The federal government says healthcare facilities should stop using Hospira's Symbiq medication infusion pump because of its vulnerability to hacking.
The Food and Drug Administration said Friday it's the first time it has warned caregivers to stop using a product because of a cybersecurity risk. It comes at a time of rising concerns about breaches of products that connect to the Internet. A week ago, automaker Fiat Chrysler recalled 1.4 million vehicles because of a flaw that made them vulnerable to hackers.
The FDA says the computerized pumps could be accessed remotely through a hospital's network, but it doesn't know of any cases where that has happened. In recent months cybersecurity experts and the Department of Homeland Security have warned that the device could be hacked and remotely controlled, possibly allowing an intruder to change the amount of medication a patient received.
Hospira stopped making Symbiq pumps in 2013 and said it expected most of them would be replaced within two to three years. The Lake Forest, Illinois, company declined to say how many of the products are still in use. The FDA says some third parties still sell Symbiq pumps.
Earlier this year the FDA and the Homeland Security Department's Industrial Control Systems-Cyber Emergency Response Team issued warnings about potential vulnerabilities of Hospira's LifeCare PCA 3 and PCA5 pumps. The company says newer products have additional protection against potential breaches.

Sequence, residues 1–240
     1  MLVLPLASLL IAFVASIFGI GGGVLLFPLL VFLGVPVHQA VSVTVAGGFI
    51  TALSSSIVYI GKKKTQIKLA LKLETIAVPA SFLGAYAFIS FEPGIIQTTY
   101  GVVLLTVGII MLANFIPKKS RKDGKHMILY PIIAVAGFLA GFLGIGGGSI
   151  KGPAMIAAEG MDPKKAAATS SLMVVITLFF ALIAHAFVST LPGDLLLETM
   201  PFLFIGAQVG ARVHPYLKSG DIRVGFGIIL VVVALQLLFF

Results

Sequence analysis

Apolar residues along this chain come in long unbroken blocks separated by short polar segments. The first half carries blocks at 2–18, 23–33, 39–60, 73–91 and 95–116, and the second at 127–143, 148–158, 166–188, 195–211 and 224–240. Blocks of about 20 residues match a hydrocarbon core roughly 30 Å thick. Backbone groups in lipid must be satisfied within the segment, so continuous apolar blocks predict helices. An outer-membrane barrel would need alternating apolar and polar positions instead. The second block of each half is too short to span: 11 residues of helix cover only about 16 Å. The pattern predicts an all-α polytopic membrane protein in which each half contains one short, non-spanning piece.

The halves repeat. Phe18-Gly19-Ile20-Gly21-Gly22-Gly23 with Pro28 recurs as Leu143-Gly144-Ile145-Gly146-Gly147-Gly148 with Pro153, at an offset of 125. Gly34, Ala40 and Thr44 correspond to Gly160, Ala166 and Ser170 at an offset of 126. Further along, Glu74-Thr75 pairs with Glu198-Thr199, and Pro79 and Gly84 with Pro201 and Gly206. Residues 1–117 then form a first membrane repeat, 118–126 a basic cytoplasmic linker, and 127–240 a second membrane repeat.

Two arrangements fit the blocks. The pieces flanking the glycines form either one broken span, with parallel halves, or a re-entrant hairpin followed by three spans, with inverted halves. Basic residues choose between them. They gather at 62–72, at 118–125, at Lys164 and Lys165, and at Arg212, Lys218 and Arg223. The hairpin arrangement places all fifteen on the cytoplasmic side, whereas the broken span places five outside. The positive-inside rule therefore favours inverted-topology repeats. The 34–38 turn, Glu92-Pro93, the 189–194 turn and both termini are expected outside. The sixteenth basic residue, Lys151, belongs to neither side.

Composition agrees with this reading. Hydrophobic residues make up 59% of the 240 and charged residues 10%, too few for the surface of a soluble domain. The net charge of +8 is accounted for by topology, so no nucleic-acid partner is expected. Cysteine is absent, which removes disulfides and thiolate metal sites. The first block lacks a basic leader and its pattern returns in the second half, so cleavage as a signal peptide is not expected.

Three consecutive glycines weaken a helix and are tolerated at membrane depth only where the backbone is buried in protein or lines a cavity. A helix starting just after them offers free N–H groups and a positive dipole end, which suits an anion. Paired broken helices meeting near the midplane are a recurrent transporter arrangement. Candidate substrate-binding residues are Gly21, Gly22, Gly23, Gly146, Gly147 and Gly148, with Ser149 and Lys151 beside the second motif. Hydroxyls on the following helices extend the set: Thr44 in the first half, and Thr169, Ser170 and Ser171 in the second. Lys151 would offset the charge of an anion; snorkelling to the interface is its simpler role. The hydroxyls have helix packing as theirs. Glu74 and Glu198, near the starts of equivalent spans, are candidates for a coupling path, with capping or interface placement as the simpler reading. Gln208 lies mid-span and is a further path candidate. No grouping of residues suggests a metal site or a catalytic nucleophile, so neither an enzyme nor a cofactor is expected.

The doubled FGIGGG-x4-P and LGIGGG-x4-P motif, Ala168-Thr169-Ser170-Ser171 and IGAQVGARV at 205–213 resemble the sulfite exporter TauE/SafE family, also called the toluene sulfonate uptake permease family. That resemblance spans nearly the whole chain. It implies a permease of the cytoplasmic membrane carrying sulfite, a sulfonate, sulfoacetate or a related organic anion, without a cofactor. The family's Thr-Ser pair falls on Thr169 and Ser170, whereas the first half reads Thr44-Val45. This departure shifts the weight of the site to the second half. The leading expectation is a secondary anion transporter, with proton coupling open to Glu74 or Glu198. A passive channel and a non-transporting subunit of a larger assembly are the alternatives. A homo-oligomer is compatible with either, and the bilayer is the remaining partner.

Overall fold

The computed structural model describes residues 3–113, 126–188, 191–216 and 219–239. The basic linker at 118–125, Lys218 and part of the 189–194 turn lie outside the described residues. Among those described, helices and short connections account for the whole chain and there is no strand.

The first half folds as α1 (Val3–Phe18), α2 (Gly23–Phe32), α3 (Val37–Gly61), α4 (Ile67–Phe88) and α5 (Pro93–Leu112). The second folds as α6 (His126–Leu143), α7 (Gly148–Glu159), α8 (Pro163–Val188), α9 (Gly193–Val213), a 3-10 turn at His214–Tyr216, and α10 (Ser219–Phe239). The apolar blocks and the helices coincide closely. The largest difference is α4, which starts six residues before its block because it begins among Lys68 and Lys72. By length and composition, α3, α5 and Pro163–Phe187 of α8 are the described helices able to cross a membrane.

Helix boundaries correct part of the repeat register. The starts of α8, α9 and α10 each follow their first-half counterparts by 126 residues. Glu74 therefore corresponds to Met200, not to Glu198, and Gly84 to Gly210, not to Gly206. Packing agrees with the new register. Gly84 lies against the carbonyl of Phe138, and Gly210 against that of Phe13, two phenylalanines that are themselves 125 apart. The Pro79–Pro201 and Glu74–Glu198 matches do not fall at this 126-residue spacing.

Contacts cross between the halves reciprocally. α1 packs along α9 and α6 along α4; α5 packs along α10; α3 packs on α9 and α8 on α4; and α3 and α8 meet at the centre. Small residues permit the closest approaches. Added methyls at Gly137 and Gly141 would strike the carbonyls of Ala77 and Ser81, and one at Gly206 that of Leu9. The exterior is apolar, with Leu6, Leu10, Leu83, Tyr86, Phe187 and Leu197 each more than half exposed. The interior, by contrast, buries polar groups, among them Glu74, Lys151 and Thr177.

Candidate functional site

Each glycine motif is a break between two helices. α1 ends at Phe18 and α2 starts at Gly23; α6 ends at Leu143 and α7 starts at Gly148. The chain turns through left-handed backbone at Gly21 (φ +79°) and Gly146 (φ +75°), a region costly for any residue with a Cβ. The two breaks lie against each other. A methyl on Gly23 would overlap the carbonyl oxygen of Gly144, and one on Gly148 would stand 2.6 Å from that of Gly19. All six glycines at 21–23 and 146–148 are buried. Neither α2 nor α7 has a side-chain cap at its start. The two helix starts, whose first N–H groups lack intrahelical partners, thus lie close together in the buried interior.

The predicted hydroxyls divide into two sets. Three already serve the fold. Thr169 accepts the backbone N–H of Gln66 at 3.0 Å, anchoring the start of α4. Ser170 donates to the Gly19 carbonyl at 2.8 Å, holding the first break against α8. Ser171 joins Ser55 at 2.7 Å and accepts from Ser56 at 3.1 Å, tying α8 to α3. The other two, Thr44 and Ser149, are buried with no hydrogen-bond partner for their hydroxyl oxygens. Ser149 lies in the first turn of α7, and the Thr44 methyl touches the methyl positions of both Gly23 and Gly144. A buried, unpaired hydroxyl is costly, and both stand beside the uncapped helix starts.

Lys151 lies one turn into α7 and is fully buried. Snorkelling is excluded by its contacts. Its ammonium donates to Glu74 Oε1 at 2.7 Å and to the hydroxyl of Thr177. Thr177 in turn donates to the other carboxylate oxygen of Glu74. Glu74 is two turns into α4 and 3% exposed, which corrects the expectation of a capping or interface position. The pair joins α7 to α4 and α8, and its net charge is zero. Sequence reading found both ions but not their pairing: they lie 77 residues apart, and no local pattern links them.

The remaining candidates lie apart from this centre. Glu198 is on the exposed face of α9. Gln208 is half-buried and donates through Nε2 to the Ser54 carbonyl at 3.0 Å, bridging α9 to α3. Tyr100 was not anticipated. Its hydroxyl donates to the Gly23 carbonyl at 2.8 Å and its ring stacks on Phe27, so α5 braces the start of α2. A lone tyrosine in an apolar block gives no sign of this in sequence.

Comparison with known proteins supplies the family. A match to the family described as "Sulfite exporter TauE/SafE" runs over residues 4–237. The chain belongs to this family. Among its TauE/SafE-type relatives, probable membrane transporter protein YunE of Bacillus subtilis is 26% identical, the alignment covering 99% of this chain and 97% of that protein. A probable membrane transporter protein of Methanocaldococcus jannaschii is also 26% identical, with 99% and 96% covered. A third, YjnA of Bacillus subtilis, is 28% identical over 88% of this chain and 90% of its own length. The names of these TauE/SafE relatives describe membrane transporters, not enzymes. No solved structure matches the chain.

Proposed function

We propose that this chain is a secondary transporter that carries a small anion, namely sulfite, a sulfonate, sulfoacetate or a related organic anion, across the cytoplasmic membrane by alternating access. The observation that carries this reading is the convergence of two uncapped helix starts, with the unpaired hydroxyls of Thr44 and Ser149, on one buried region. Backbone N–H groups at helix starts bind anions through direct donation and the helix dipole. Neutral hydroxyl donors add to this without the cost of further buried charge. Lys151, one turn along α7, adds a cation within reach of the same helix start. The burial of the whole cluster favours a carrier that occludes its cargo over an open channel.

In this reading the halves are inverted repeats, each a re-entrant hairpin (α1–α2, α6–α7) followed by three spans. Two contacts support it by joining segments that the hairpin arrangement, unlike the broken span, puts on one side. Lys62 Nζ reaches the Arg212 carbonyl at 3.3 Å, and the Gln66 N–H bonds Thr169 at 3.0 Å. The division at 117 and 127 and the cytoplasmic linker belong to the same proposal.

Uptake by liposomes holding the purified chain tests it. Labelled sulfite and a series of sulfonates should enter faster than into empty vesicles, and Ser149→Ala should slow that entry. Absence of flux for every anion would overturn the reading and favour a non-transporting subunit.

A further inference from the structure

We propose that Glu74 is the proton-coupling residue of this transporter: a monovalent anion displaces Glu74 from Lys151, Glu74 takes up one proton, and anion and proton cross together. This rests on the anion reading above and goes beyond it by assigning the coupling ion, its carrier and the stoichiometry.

The company says its Plum 360 infusion pumps, which went on sale in January, don't have the same vulnerability.
The pumps are computerized and are used to continuously deliver drugs over extended periods. They're used in hospitals, nursing homes and other facilities.
The FDA says health care providers should disconnect the pumps from their networks and update their drug libraries manually — a process the agency warns can be labor intensive and prone to error. It also says unused ports on the device should be closed.
Hospira makes injectable drugs and infusion technologies. In February drugmaker Pfizer agreed to buy the company for about $15.23 billion, and it expects to complete the deal before the end of the year.
Fiat Chrysler said it would recall about 1.4 million cars and trucks in the U.S. on July 24, days after two hackers revealed that they took control of a Jeep Cherokee SUV over the Internet. The company said the hackers got into the Jeep through an electronic opening in the radio and said it would update software to close it. Fiat Chrysler also said it sealed off a loophole in its internal cellular telephone network with vehicles to prevent similar attacks.
Government safety regulators have started an investigation into the incident.